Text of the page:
Electric motorcycle is awesome, goes 54 mph

The folks over at the Cincinnati hackerspace Hive13 were wowed last week by an electric motorcycle built by one of their own.

[Rick]‘s new ride is built from a 1989 Honda VTR 250. After removing the 24 HP motor, the frame was loaded up with four deep cycle batteries and a DC golf cart motor. Even with the addition of the four heavy batteries, the new electric bike only weighs about 70 pounds more than the stock Honda, allowing all that power to be translated into speed. Right now, [Rick]‘s build can reach 54 mph; comparable to an earlier ebike we saw, but [Rick] can also go 100 about 20 miles on a single charge.

After the break you can see a short time lapse of [Rick] tearing down his bike, the first ride though the Cincinnati hackerspace, and a very nice road test showing off the speed of [Rick]‘s new ride. There’s also a great Flickr slideshow with some really great pics of the build in progress. Very nice work, [Rick].

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Gyroscopically stabilized car/motorcycle thing

So yeah, this thing exists. Well, at least some pretty interesting looking prototypes of it do. It’s the C-1 from Lit Motors (anyone else think that’s a reference which belongs in /r/trees?). The idea here is that the small form-factor of a motorcycle is very efficient and easily maneuverable. But the cage protecting the passenger from harm, and the canopy keeping the elements out give it some of the desirable traits of a car.

Design aside, check out the video after the break. The prototype uses two horizontally positioned gyroscopes placed beneath the passenger seat, just in front of the rear wheel. The builders take it out on a hockey rink and give it a few kicks and slide a few tires into it. Sure, it reacts to the impact but it doesn’t fall over.

Want to see some fast-motion welding of the C-1? Right now there’s a one-minute clip up on the company’s main page.

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Motorcycle lighting upgrade ensures other drivers know you’re there

led-brake-lights

[Pete Mills] recently bought himself a motorcycle, and as people are known to do, they start trying to scare him with gruesome stories of cycling accidents once they hear about his purchase. While he tries to shrug them off as people simply not minding their own business, something must have resonated with him, because he started tinkering with the bike’s taillight in order to ensure he was always seen by other drivers.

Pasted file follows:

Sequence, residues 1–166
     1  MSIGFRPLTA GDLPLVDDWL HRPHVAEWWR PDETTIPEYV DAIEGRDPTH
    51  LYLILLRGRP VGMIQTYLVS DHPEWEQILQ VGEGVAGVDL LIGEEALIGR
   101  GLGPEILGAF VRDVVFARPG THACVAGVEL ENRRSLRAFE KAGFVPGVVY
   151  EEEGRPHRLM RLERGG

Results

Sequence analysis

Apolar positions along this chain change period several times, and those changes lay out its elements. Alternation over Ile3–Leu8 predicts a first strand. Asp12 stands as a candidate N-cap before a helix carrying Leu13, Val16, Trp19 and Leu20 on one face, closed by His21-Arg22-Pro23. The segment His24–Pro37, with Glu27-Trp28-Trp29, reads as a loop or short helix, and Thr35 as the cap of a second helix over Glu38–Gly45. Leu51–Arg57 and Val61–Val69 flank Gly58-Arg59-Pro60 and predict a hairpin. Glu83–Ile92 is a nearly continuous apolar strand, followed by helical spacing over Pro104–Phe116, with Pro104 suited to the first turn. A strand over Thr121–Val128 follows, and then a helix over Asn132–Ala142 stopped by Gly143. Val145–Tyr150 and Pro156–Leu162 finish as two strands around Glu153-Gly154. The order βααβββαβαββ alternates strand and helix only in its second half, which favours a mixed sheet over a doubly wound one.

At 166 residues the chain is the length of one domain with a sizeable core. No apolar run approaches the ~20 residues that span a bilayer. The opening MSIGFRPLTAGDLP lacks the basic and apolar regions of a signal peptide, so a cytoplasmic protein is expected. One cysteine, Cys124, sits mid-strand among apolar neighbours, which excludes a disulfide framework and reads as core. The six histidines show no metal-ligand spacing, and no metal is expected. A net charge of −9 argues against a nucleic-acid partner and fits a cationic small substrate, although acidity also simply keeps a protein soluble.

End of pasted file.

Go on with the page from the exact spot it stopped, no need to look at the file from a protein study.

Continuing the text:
He swapped out his motorcycle’s incandescent taillight for a smart LED-based lamp that he constructed using perfboard. Not only does his new brake light feature ultra bright LEDs, but the onboard ATtiny85 rapidly flashes the lights each time he hits the brakes, making his presence impossible to miss. Before everyone starts with the claims of, “Flashing red lights are illegal!”, let’s all take a deep breath and read on.

We’ve seen these sorts of lights on the back of motorcycles for years, though being a careful guy, [Pete] wrote to the state of Michigan in order to ensure that his modifications won’t get him pulled over. He has yet to hear back, but in the meantime, he merely needs to start the bike with the brakes applied to trigger the ATtiny85 to run the lights in “normal mode.”

Continue reading to see a short demo video of his brake light mod in action.

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Bodging up a diesel motorcycle

[Alex] has been working on a diesel motorcycle project for a few months now, and the project is finally bearing fruit. It’s quite an accomplishment for something [Alex] describes as an industrial Chinese engine, a modded Honda Superdream, and a few Royal Enfield parts thrown in for good measure.

[Alex] bought his Honda CB400 from someone who had already done a diesel motor conversion; a 200cc single-cylinder motor provided just enough horsepower to putt around town. [Alex] wanted a bike that could keep up with highway speeds, so he replaced the wimpy 200cc motor with a 406cc diesel engine used for industrial purposes and an amr500 supercharger.